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How to Become a Respiratory Therapist in New Jersey

According to the Bureau of Labor Statistics, New Jersey ranked second in the nation for its pay of respiratory therapists, with these allied health professionals earning an average annual salary of $69,580, as of May 2013. During this time, there were 3,080 respiratory therapists licensed in New Jersey.

The New Jersey Office of the Attorney General, State Board of Respiratory Care licenses and regulates respiratory therapists in New Jersey. Only individuals licensed by the Board to practice respiratory care under the direct supervision of a physician may use the title “respiratory care practitioner” or “RCP” in New Jersey.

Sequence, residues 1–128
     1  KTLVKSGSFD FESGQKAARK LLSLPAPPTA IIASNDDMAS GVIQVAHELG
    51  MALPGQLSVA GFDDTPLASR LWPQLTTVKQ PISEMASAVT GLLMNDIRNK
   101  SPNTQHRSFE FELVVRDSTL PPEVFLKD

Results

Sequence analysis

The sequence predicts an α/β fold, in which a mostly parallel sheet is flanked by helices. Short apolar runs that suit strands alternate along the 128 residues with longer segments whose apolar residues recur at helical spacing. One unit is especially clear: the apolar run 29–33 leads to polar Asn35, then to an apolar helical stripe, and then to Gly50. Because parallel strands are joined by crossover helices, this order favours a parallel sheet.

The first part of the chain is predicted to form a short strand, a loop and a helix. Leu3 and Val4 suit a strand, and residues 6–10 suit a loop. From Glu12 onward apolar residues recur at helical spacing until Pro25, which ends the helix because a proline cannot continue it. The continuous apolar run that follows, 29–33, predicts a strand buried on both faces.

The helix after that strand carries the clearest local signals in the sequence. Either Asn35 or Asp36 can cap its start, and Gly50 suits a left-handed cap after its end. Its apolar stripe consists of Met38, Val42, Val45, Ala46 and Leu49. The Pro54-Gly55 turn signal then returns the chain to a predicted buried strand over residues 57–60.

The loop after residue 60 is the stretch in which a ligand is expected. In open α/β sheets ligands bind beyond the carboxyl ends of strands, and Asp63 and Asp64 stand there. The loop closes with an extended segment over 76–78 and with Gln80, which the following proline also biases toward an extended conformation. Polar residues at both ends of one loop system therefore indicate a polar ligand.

If you want to become a respiratory therapist in New Jersey, you must complete the following steps:

Successfully Complete an Approved Respiratory Care Education Program
Consider a Temporary License Prior to Taking the NBRC Examination
Take and Pass the NBRC Examination
Apply for a Respiratory Care Practitioner License in New Jersey
Maintain your Respiratory Care Practitioner License

 


 

Step 1. Successfully Complete an Approved Respiratory Care Education Program

To become a respiratory therapist in New Jersey, you must first successfully complete a respiratory therapy educational program approved by the Commission on Accreditation for Respiratory Care (CoARC). There are currently seven CoARC-accredited respiratory therapy programs in New Jersey, two of which are at the baccalaureate level. In 2012, 765 individuals applied to respiratory programs in New Jersey; an increase from 580 just a year prior.